Pinguy OS 12.04
Antoni Norman has announced the release of Pinguy OS 12.04, an Ubuntu-based desktop Linux distribution with a customised GNOME Shell user interface: "Here is the final release of Pinguy OS 12.04 LTS. We have fully embraced GNOME Shell here and wanted a modern, updated site to go with the new look of the desktop. In this release we have: Linux Kernel 3.2, GNOME 3.4.1, WINE 1.5.6, Skype 4.0, TeamViewer 7, XBMC-PVR 11.0 Eden, GNOME Shell Extension Updater and everything else that was present in the previous beta release. The GDM login is now themed to match the desktop. The distro comes with two menus - Cardapio (eefault) but also includes the Axe menu that is disabled." Read the release announcement which includes notes about known issues, including one about a problematic VLC player.
Pinguy OS 12.04 - an Ubuntu-based distribution featuring GNOME Shell
(full image size: 515kB, screen resolution 1280x1024 pixels)
Pure OS 5.0
Marc Poirette has announced the release of PureOS 5.0, a multilingual live DVD/USB based on Debian's testing branch and featuring the GNOME 3 desktop: "PureOS 5.0. PureOS 5.0 is a multilingual live DVD/USB based on Debian testing with GNOME. Main features: Linux kernel 3.3.6, GNOME 3.4.2. Office: LibreOffice 3.5.4 - Calc, Draw, Impress and Writer. Internet: Iceweasel 13.0, Icedove 10.0, Transmission, FileZilla. Multimedia: Banshee, VLC, Brasero. Graphics: GIMP 2.8.0, Evince, Eye of GNOME. System: GParted, smxi/sgfxi scripts, scripts and Nautilus actions for modules management - activate, debs2lzm, debs2lzm-file, dir2lzm, lzm2dir et find2lzm." See the release announcement which includes the full list of packages included on the live DVD image and artwork credentials.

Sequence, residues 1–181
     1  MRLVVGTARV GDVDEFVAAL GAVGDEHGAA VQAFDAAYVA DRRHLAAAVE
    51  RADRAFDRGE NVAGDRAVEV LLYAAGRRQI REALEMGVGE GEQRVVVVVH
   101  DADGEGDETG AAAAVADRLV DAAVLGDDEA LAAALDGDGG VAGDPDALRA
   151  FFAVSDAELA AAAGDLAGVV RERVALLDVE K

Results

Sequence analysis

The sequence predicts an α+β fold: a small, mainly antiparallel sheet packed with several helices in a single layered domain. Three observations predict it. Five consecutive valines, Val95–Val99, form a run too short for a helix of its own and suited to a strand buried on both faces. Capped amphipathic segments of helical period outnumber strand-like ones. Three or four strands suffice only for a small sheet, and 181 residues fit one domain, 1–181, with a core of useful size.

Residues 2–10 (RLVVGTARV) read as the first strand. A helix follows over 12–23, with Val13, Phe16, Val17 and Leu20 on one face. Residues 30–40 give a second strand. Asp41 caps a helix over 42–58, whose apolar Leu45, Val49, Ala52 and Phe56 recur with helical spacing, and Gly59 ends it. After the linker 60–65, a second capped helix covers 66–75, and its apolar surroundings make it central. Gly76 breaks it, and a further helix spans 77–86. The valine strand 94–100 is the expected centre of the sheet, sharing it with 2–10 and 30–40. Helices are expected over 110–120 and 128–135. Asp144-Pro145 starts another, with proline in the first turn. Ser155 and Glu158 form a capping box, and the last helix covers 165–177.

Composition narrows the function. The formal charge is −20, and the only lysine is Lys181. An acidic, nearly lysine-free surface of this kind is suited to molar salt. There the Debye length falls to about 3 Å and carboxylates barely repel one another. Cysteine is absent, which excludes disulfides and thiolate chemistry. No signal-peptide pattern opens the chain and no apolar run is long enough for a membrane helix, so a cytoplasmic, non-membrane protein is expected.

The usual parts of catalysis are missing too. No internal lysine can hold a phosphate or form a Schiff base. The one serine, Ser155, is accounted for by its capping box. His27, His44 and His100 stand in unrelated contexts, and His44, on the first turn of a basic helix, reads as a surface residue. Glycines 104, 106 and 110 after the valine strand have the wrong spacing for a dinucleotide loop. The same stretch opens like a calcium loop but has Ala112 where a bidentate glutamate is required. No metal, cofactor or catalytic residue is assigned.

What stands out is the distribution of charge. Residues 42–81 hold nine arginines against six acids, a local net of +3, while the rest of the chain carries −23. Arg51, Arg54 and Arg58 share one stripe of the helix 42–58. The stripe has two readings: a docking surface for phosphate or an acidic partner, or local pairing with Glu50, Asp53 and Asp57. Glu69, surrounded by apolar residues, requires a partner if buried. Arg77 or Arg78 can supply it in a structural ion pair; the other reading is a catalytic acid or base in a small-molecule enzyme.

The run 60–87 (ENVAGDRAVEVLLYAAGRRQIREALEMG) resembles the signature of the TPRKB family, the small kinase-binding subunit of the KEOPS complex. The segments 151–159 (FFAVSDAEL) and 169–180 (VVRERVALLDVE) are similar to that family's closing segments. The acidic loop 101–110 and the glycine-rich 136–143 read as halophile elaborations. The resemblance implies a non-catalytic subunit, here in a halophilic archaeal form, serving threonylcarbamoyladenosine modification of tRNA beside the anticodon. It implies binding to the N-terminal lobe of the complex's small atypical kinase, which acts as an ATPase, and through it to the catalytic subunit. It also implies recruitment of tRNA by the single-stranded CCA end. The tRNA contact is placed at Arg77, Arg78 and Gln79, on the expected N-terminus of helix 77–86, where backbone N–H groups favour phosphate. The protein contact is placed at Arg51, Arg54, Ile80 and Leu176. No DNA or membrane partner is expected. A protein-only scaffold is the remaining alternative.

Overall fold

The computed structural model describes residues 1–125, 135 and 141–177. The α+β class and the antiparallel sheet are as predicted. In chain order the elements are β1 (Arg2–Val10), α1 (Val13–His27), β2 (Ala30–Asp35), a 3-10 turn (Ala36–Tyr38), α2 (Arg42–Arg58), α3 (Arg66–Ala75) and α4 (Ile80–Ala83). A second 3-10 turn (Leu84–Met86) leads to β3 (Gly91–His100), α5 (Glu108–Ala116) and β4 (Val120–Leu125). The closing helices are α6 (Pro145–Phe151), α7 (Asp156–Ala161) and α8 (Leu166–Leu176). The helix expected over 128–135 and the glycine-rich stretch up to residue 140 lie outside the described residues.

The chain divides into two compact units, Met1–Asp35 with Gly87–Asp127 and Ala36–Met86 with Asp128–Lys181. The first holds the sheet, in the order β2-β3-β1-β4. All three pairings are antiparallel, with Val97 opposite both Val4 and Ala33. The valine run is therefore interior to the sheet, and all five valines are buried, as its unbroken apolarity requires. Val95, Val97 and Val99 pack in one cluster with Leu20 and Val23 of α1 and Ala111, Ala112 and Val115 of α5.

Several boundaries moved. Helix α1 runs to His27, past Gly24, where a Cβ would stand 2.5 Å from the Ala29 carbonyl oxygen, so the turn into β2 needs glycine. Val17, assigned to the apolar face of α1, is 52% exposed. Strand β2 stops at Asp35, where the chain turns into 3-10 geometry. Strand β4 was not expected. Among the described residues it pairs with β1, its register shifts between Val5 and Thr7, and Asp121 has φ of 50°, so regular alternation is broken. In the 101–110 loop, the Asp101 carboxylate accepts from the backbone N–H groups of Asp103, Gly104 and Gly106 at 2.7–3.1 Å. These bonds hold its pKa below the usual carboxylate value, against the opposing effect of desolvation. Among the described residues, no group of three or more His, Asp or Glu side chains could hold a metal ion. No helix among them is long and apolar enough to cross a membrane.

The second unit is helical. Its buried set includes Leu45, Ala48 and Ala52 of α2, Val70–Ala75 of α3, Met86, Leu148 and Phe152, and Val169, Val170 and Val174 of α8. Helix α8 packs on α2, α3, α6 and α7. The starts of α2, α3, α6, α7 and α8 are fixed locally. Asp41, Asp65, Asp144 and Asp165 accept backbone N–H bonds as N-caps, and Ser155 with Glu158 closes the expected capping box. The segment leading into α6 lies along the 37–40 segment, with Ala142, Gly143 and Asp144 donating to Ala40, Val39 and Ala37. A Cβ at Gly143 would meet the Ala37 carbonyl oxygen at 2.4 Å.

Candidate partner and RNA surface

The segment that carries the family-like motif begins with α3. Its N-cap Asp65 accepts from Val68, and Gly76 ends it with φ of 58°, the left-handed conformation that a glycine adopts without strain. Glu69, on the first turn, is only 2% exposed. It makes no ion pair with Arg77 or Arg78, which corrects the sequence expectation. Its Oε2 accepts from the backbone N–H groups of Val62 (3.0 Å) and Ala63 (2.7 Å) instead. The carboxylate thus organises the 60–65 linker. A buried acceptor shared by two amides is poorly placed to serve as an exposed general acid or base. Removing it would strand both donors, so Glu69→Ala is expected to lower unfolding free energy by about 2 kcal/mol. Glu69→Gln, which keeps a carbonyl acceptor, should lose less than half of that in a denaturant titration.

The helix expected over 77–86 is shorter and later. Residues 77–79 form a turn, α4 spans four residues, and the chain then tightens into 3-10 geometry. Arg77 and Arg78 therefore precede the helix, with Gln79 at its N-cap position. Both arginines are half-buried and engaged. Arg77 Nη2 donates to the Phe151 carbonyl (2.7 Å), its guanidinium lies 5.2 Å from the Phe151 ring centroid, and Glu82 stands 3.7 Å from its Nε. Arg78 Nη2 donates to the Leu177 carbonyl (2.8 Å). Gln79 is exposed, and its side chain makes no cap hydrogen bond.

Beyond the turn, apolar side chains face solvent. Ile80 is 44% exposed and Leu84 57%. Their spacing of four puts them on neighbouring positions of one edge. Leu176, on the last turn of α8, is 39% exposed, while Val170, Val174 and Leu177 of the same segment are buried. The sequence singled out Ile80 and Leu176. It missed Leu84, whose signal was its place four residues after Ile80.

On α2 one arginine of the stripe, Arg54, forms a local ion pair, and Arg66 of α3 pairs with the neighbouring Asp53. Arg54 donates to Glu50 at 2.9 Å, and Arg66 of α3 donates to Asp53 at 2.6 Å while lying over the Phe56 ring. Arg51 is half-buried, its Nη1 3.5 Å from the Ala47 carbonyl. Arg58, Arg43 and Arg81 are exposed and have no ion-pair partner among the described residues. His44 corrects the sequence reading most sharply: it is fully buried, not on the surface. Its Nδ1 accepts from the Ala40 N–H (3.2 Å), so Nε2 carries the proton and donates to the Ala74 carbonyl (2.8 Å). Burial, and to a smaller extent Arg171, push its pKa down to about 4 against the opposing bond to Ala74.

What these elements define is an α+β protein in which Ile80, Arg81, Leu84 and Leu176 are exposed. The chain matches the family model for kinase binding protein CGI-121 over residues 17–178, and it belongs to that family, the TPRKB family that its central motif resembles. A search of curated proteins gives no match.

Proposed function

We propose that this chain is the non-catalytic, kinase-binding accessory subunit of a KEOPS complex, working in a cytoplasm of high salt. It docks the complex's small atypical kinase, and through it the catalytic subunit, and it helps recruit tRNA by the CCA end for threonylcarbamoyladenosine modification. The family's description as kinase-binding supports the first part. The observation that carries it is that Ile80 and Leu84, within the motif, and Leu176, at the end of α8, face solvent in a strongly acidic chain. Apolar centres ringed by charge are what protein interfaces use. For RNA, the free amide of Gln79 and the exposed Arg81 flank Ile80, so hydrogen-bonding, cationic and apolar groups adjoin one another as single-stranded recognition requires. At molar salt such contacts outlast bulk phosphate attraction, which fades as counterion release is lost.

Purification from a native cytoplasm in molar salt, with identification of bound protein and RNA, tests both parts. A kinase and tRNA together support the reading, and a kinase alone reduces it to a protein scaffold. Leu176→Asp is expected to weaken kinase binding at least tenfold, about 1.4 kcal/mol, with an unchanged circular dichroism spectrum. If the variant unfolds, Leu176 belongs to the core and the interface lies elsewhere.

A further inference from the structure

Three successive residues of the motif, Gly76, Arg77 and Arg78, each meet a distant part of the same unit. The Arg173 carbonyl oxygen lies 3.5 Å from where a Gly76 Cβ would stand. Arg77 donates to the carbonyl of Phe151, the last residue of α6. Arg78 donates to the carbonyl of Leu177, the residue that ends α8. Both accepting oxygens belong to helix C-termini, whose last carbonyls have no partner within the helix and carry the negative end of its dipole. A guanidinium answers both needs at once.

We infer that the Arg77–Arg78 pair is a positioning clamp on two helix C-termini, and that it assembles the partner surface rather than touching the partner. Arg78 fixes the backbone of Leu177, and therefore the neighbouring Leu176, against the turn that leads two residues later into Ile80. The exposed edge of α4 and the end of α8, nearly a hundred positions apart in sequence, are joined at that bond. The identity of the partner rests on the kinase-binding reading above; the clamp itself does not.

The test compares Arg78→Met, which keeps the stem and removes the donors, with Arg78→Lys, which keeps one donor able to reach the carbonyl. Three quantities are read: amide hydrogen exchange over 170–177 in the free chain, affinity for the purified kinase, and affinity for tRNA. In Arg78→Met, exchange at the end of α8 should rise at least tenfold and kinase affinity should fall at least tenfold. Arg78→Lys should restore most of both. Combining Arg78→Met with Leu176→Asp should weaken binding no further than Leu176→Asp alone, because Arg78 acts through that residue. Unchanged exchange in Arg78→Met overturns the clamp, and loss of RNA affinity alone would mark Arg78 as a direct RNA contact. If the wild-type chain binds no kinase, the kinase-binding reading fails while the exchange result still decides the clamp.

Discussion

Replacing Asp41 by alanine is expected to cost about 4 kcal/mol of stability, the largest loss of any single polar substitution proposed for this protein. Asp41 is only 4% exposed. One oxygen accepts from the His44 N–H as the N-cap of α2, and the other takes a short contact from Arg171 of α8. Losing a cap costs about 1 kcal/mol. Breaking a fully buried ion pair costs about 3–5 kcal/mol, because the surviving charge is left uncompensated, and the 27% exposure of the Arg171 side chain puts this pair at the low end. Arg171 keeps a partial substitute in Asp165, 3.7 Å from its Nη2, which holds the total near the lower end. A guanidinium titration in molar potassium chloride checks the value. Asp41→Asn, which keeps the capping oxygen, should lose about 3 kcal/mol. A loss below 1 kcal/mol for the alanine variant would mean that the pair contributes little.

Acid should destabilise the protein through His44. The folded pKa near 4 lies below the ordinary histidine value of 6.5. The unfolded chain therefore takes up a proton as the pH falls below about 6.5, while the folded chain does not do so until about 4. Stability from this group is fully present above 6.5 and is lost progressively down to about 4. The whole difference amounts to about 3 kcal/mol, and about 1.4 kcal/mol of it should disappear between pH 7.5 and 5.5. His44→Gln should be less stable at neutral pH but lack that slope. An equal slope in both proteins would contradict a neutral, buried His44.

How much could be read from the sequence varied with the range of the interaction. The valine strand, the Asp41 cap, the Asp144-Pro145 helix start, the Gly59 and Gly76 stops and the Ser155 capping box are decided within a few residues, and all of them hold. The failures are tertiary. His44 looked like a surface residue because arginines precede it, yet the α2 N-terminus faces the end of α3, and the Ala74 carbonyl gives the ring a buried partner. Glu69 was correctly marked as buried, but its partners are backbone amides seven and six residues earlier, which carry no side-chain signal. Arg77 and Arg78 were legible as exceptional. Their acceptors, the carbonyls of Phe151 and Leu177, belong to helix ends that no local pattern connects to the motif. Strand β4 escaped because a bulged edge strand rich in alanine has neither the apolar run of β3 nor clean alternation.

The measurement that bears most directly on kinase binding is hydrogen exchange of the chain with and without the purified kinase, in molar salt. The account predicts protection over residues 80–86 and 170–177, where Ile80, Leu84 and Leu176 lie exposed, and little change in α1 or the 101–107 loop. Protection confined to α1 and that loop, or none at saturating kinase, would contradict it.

Ferdinand Thommes has announced the release of siduction 12.1.1, a minor update of the project's 12.1 version released a month ago, based on Debian's unstable branch: "Today we released the first fix release of siduction 2012.1 'Desperado', called 2012.1.1 'Desperado Reloaded'. Besides small enhancements the main reason for this fix release was to ship the full set of KDE SC 4.8.4. This version is shipped with three desktop environments - KDE SC, Xfce and LXDE, all in 32-bit and 64-bit variants. The released images are a snapshot of Debian 'Unstable' from 2012-06-24. They are enhanced with some useful packages and scripts, our own installer and a custom-patched version of the linux-kernel 3.4.4, accompanied by X.Org Server 1.12.1." See the release notes for further details.
* * * * *
Development, unannounced and minor bug-fix releases
|Upcoming Releases and Announcements
Summary of expected upcoming releases
New distributions added to waiting list
- BootMed. BootMed Plus, a commercial Linux-based live CD, is an easy-to-use recovery toolkit made with the average computer user in mind.
- Dracon Comodos Linux. Dracon Comodos Linux is an Ubuntu-based distribution featuring penetration testing tools for security auditors and a collection of defence tools, such as honeyspots, firewalls and system IPS/IDS. It also includes forensics and reverse-engineering tools that are useful for auditing cyber crime.
- Linutop OS. Linutop OS is optimised and secured Linux distribution based on Ubuntu. It is dedicated to Internet access, media playing, desktop or appliance use.
* * * * *
DistroWatch database summary
* * * * *
This concludes this week's issue of DistroWatch Weekly. The next instalment will be published on Monday, 2 July 2012. To contact the authors please send email to:
- Susan Linton (feedback on this week's review of Sabayon Linux)
- Jesse Smith (feedback, questions and suggestions: distribution reviews, questions and answers, tips and tricks)
- Ladislav Bodnar (feedback, questions, suggestions and corrections: news, donations, distribution submissions, comments)
- Bruce Patterson (feedback and suggestions: podcast edition)
If you've enjoyed this week's issue of DistroWatch Weekly, please consider sending us a tip.
(Tips this week: 0, value: US$0.00)
|Linux Foundation Training
|• Issue 764 (2018-05-21): DragonFly BSD 5.2.0, Tails works on persistent packages, Ubuntu plans new features, finding services affected by an update|